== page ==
Yesterday, we received a press release. Nothing new there, as we do everyday, but this one was an intriguing press release. It concerned an old colleague of mine, Jeremy Appleton, who used to be the face of media at Alpinestars and a consummate professional to boot. Triumph announced Jerry as the new ‘Global Racing Manager’ for the Hinckley manufacturer.
Maybe I’m over-thinking this but Triumph appointing a Global Racing Manager? Yes, they supply engines in Moto2, and yes, they’ve just pulled the covers off the official factory effort in British Supersport this week, but the Moto2 deal is essentially run by Dorna and its partners, and the aforementioned British Superpsort effort utilises a modified Street Triple 765, not a bonafide racer with any pedigree. The point is, surely Triumph has more meaty racing plans and/or sporty models coming with such an appointment?
“His appointment reflects Triumph’s commitment and growing investment within motorcycle racing. His focus will be on building global brand awareness and demonstrating Triumph innovation and performance credentials. Jeremy will report to Triumph’s Chief Product Officer, Steve Sargent and will help to co-ordinate our successful and record breaking Moto2 Engine partnership and also our new Factory supported 2021 British Supersports collaboration with PTR racing.”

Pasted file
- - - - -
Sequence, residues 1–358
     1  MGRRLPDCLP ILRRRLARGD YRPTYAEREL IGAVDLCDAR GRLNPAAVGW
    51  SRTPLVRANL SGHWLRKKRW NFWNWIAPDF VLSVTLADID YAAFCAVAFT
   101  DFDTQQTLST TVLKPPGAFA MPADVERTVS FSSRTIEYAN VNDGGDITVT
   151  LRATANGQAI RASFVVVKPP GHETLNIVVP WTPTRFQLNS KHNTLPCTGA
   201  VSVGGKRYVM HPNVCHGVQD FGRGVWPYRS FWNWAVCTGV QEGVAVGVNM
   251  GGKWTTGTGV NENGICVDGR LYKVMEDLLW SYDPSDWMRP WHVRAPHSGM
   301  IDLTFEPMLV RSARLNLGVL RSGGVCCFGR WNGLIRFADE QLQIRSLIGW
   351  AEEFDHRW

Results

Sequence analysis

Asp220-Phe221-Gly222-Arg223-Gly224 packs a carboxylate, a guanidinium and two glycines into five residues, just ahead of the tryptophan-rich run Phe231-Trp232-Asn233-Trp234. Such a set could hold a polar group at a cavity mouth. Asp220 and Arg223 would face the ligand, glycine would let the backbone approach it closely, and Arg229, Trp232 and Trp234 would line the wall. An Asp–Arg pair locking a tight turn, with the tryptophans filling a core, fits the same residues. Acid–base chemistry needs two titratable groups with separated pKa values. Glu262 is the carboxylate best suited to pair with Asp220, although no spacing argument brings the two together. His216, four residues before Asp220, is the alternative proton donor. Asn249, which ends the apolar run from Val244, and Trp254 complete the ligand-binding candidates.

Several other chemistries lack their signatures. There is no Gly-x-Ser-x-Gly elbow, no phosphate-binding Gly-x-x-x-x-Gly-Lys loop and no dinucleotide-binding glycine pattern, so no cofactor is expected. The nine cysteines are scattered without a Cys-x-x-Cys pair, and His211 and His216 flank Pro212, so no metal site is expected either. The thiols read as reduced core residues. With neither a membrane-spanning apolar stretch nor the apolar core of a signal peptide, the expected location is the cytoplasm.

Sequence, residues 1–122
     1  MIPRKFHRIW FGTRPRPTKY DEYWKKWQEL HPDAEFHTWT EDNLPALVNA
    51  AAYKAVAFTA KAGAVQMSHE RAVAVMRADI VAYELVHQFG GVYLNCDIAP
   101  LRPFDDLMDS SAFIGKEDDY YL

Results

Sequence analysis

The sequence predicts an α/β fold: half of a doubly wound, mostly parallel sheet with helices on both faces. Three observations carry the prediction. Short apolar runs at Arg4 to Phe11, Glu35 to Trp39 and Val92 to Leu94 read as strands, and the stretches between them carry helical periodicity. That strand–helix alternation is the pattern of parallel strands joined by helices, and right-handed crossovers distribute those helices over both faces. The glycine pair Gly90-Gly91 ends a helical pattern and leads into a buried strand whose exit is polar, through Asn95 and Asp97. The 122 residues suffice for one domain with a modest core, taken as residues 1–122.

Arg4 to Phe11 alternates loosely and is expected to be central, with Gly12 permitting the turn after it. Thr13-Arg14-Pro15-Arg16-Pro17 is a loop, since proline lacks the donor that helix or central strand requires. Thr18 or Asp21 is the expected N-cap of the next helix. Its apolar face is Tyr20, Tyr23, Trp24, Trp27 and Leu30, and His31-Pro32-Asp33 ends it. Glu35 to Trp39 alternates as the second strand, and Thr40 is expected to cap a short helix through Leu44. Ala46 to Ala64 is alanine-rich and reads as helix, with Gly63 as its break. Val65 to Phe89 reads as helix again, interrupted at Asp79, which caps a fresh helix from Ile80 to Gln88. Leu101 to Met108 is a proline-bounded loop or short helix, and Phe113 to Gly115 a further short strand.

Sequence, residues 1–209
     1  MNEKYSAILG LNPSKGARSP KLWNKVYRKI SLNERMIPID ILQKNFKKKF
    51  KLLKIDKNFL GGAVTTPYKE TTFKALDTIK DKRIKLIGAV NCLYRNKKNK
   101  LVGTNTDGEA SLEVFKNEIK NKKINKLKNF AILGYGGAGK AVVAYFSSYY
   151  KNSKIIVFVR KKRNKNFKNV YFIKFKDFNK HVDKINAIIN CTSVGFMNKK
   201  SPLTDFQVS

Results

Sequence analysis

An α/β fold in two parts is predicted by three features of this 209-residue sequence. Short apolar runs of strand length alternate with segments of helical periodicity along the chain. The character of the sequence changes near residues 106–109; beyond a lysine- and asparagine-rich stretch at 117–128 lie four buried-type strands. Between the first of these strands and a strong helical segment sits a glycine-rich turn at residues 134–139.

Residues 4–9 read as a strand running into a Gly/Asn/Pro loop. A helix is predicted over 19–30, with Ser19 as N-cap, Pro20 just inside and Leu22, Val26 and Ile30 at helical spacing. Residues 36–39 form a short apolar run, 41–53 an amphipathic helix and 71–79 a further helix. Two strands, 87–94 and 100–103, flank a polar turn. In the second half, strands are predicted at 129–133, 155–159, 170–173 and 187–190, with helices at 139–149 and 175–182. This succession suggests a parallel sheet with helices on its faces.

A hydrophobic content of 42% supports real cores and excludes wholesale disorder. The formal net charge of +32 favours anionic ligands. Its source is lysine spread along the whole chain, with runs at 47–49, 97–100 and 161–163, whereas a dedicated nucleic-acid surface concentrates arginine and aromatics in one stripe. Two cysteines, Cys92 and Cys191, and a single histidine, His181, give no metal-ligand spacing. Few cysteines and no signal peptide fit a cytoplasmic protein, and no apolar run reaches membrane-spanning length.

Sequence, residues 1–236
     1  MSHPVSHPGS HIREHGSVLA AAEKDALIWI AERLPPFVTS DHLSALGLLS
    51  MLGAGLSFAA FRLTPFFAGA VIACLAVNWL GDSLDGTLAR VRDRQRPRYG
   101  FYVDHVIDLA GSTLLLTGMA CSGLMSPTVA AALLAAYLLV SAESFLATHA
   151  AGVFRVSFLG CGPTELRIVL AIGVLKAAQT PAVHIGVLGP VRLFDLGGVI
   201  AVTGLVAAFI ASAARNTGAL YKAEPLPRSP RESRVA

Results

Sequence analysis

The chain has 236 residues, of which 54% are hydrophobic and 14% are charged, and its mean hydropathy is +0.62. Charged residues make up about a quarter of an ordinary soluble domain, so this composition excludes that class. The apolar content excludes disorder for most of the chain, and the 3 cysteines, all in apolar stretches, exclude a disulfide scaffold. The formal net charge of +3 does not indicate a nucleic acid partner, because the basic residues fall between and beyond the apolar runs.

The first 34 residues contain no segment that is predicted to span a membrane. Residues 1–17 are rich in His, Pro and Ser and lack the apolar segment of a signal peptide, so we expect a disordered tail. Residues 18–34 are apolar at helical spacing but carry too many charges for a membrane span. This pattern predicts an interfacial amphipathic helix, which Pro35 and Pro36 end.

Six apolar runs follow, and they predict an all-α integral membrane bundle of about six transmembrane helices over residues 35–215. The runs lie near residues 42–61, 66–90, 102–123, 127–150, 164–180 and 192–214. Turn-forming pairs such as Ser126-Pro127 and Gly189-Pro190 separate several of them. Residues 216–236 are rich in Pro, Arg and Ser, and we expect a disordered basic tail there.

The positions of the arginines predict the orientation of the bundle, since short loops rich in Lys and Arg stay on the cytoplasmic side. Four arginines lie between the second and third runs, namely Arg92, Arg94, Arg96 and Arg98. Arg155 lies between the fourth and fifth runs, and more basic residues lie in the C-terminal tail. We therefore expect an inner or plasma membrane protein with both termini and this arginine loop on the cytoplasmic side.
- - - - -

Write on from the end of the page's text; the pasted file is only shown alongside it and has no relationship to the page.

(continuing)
And this factory supported team is a massive job; they’ve enlisted the help of Simon Muckblaster’s PTR Racing squad, who have spent the past 15 years in World Supersport. They’ve also got two fast riders in Kyle Smith and Brandon Paasch (who won’t be cheap) on a grid full of prototype racers and proven supersport steeds.
As I said, I may be spouting complete codswallop, but that doesn’t stop us dreaming of a Daytona replacement or a fully-faired Speed Triple 1200 RS. Or anything racier from Triumph. The ‘growing investment within motorcycle racing’ is the intriguing nugget there, and we can only hope of some additional triple treats to drool over.
I think it’s fair to assume the Daytona is dead – the final hurrah being the limited-edition 765 Moto2 model. However, when quizzed, they haven’t ruled out a replacement and it’s always been a case of ‘if the public want it, we’ll make it.’ We want it, Triumph…